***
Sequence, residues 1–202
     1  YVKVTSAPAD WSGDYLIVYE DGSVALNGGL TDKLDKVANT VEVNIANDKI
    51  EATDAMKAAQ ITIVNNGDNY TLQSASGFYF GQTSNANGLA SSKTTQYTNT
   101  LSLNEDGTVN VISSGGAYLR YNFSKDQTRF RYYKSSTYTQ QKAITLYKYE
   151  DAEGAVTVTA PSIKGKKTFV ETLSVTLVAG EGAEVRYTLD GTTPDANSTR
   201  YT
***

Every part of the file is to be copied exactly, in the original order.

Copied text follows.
Sequence, residues 1–202
     1  YVKVTSAPAD WSGDYLIVYE DGSVALNGGL TDKLDKVANT VEVNIANDKI
    51  EATDAMKAAQ ITIVNNGDNY TLQSASGFYF GQTSNANGLA SSKTTQYTNT
   101  LSLNEDGTVN VISSGGAYLR YNFSKDQTRF RYYKSSTYTQ QKAITLYKYE
   151  DAEGAVTVTA PSIKGKKTFV ETLSVTLVAG EGAEVRYTLD GTTPDANSTR
   201  YT